Events

April 19, 2013

Holocaust observance draws big crowd

Dr. Samuel Caron, child psychologist at Raymond W. Bliss Army Health Center, served as keynote speaker at the Days of Remembrance Obervance. His speech touched on genocide warning signs and how we can help stop it in the present-day.

Several attended Fort Huachuca’s 2013 Days of Remembrance Observance on Tuesday hosted by the U.S. Army Intelligence Center of Excellence and Fort Huachuca Military Equal Opportunity Team at Fitch Auditorium in Alvarado Hall.

According to Sgt. 1st Class Michael Wood, Installation Equal Opportunity advisor, the crowd was a nice surprise.

This year’s theme, “Never Again: Heeding the Warning Signs,” focused on using the Holocaust as a learning tool to eliminate present day genocides and prevent them from happening in the future. Audience members watched a short video released by the U.S. Holocaust Memorial Museum on the warning signs which had been ignored leading up to the Holocaust.

This year’s keynote speaker was Dr. Samuel Caron, child psychologist from Raymond W. Bliss Army Health Center. He is also president and lay leader at Temple Kol Hamidbar, a reform Jewish congregation in Sierra Vista.

“As long as we teach and encourage hate, genocide will continue,” he said. “As long as we ignore the warning signs and don’t take action, it will not only continue, but continue basically unpunished.”

In addition to Caron, other guests of honor included seven Holocaust survivors. During the event, each survivor came up to the stage to light a candle.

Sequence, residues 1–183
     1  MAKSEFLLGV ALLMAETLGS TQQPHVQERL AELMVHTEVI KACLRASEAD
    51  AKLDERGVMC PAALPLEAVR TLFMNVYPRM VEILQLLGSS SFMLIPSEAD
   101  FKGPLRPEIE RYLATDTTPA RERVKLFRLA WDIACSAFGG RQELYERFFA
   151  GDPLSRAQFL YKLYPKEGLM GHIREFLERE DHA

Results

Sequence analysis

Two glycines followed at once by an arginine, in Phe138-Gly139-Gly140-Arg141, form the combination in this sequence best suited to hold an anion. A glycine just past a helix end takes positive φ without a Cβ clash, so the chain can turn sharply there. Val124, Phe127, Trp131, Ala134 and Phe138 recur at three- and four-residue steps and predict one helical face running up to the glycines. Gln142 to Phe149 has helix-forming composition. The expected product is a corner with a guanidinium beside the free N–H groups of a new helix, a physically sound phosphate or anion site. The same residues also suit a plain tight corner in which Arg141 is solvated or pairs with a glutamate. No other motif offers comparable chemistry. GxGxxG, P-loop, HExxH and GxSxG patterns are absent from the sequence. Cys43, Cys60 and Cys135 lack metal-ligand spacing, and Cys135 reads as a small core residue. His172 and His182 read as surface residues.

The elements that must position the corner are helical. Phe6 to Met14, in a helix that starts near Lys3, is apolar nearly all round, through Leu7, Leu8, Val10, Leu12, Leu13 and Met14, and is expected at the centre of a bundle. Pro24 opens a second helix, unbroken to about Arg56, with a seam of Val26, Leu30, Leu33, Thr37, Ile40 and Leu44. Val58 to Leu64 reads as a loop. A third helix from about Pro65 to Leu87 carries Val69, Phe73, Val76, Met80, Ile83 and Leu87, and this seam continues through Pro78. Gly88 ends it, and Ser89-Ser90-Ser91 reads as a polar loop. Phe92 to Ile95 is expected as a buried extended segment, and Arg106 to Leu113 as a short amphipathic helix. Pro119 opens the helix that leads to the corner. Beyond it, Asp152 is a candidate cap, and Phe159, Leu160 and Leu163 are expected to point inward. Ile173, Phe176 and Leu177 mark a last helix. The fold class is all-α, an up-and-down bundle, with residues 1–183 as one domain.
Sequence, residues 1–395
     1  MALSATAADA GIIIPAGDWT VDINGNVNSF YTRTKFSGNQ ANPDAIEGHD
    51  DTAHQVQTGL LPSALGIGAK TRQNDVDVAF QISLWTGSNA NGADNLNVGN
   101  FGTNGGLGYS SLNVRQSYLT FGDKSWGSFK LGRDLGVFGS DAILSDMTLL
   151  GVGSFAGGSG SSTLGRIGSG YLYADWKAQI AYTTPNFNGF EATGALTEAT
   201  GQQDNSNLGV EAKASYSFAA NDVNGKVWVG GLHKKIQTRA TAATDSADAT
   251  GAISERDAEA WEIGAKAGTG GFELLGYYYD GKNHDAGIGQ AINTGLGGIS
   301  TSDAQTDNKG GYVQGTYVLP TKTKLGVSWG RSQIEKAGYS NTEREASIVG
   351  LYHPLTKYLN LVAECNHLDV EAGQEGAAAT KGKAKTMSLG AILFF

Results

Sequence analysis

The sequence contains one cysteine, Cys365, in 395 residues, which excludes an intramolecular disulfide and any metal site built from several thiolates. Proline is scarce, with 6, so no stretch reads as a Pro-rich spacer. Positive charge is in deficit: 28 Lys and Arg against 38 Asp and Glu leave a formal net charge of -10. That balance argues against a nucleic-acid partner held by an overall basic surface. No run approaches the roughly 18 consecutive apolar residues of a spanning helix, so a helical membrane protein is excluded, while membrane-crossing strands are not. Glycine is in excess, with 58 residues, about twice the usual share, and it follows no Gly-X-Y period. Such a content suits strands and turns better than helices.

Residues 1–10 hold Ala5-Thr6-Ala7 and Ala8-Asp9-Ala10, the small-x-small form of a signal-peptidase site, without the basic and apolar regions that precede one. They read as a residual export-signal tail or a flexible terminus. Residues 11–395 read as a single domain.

Nine candles were lit in total. The first six represented the 6 million Jews who died in the Holocaust, while the seventh candle represented the 5 million non-Jews who died. The eighth candle was dedicated those who spoke out against the Nazis. The final candle signified the liberation of the concentration camps.

A recitation of names called out the major concentration camps and the number of Jewish deaths during the candle lighting ceremony.

Gail Wallen, Ph.D., Holocaust program educator, said, “Recent research has shown that the numbers of camps has expanded dramatically. The numbers now listed are between 40,000 and 42,500 camps that held Jews and other prisoners of the Nazis as well.”

The Days of Remembrance is an annual, national and civic commemoration dedicated to Holocaust victims. Ceremonies are conducted nation-wide during a one week period designated by the U.S. Holocaust Memorial Council. This year’s National Days of Remembrance took place April 7-14.




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